After the bisulfite assay [11] gained popularity and became the gold standard for the study of DNA methylation, and was combined with different revelation methods, the evidence that non-CpG methylation has become more widespread than previously thought and can no longer be ignored [12,13,14,15,16,17]. Since its very first application, the methylation assay based on bisulfite modification showed the potential to disclose the discrete presence of non-CpG methylation in mammal DNA [18].
One possible cause of the tardy recognition of the extent of non-CpG methylation extent has been suggested by studies performed in my laboratory. After having observed unexpected non-CpG methylation associated with gene expression regulation in mouse myoblasts [19], we hypothesized that other studies could have failed to observe it due to a technical issue in the bisulfite assay. We therefore demonstrated that non-CpG methylation underestimation was due to a technical bias due to the large use of software-designed primers in the polymerase chain reaction (PCR) step following the bisulfite modification of genomic DNA. These primers are usually designed with mutated bases at cytosines, assuming that non-CpG sites are not methylated (according to the former dogma of the DNA methylation). However, if discrete non-CpG methylation is present, the DNA is not modified by bisulfite and the target sequences cannot be recognized by the primers, resulting in selective amplification of DNA with low non-CpG methylation. Conversely, and according to the original technique, we proposed designing the primers considering the uncertainty of non-CpG methylation status, considering the presence of degenerated bases, in order to accomodate both methylated and non-methylated cytosines [20].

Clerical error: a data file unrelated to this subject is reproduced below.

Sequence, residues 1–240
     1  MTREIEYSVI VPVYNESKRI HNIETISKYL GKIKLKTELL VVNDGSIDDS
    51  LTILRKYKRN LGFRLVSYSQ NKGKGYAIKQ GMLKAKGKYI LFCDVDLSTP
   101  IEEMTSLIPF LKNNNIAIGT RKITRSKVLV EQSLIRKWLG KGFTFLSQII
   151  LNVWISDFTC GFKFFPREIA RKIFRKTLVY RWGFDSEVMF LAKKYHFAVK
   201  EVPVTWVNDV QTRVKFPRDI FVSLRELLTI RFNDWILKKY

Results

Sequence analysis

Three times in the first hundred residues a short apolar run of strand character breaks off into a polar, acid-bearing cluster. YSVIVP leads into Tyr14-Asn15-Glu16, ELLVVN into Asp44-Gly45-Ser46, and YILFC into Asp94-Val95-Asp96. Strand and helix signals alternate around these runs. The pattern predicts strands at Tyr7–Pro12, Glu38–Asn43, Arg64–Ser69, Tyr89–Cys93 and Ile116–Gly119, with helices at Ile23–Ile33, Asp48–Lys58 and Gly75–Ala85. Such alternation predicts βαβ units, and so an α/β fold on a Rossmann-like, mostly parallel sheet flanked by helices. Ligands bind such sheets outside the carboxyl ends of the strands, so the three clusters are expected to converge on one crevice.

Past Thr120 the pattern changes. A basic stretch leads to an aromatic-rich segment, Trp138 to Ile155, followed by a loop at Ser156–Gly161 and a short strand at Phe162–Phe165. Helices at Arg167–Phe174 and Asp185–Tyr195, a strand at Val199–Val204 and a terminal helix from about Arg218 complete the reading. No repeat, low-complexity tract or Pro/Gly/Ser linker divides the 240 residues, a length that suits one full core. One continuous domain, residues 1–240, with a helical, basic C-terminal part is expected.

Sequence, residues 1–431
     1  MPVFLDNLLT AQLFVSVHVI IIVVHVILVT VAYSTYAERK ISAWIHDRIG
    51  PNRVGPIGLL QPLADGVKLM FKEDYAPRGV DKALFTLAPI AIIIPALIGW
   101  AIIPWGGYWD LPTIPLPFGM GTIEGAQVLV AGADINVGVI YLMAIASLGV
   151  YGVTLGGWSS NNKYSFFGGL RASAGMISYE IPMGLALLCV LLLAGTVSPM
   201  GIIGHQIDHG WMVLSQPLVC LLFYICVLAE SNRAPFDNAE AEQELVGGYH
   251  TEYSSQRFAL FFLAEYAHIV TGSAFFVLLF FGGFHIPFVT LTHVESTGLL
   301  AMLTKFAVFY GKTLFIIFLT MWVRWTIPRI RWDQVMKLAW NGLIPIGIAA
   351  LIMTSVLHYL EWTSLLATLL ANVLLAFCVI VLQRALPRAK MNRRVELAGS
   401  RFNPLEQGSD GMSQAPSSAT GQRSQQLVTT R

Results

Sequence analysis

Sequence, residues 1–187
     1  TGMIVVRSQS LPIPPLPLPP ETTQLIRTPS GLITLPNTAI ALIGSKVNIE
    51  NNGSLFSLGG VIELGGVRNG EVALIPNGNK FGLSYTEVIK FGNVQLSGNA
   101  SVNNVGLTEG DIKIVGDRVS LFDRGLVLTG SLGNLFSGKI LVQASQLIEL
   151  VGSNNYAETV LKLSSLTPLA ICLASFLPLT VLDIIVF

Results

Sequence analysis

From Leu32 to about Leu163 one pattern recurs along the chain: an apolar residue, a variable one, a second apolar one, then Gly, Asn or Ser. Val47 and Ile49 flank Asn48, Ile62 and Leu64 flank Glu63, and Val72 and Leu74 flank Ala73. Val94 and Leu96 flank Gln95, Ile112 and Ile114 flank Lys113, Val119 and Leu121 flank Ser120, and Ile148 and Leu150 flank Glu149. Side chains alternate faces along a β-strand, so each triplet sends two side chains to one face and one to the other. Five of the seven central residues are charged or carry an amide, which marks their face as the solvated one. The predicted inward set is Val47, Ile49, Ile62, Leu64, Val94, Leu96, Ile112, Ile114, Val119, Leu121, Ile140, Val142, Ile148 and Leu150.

Due to technical advances and, in particular, unbiased epigenetic approaches, we can now state that non-CpG methylation occurs at higher frequencies than previously expected, ranging from 25% to 35% in mice and humans, particularly in adult mammalian somatic cells including the adult mammalian brain, skeletal muscle, and hematopoietic cells [2,21,22]. In parallel to this new awareness of the non-CpG methylation frequency in differentiated tissues and adult tissues in mammals, recent results increasingly highlight its functional role [23,24,25,26,27] as well as the identity of several genes that are functionally regulated by non-CpG methylation [28,29,30,31,32].